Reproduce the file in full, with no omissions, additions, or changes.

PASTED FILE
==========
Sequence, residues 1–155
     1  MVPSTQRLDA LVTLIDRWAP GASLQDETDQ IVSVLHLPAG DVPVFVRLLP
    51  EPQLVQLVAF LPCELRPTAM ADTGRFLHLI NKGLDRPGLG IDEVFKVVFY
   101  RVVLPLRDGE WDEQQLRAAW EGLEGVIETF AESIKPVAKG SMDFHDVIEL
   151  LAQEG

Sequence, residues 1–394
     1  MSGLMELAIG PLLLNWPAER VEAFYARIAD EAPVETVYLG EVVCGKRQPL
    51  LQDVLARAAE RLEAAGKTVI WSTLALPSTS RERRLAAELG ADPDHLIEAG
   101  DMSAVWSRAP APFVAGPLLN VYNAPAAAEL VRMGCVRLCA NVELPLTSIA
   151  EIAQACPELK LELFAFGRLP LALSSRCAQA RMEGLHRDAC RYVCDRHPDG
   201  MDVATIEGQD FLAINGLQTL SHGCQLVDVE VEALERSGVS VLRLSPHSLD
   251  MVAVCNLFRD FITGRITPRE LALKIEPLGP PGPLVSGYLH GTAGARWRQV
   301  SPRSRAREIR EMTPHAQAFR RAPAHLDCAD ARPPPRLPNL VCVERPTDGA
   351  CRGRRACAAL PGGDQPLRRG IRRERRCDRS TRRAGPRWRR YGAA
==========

Sequence, residues 1–155
     1  MVPSTQRLDA LVTLIDRWAP GASLQDETDQ IVSVLHLPAG DVPVFVRLLP
    51  EPQLVQLVAF LPCELRPTAM ADTGRFLHLI NKGLDRPGLG IDEVFKVVFY
   101  RVVLPLRDGE WDEQQLRAAW EGLEGVIETF AESIKPVAKG SMDFHDVIEL
   151  LAQEG

Sequence, residues 1–394
     1  MSGLMELAIG PLLLNWPAER VEAFYARIAD EAPVETVYLG EVVCGKRQPL
    51  LQDVLARAAE RLEAAGKTVI WSTLALPSTS RERRLAAELG ADPDHLIEAG
   101  DMSAVWSRAP APFVAGPLLN VYNAPAAAEL VRMGCVRLCA NVELPLTSIA
   151  EIAQACPELK LELFAFGRLP LALSSRCAQA RMEGLHRDAC RYVCDRHPDG
   201  MDVATIEGQD FLAINGLQTL SHGCQLVDVE VEALERSGVS VLRLSPHSLD
   251  MVAVCNLFRD FITGRITPRE LALKIEPLGP PGPLVSGYLH GTAGARWRQV
   301  SPRSRAREIR EMTPHAQAFR RAPAHLDCAD ARPPPRLPNL VCVERPTDGA
   351  CRGRRACAAL PGGDQPLRRG IRRERRCDRS TRRAGPRWRR YGAA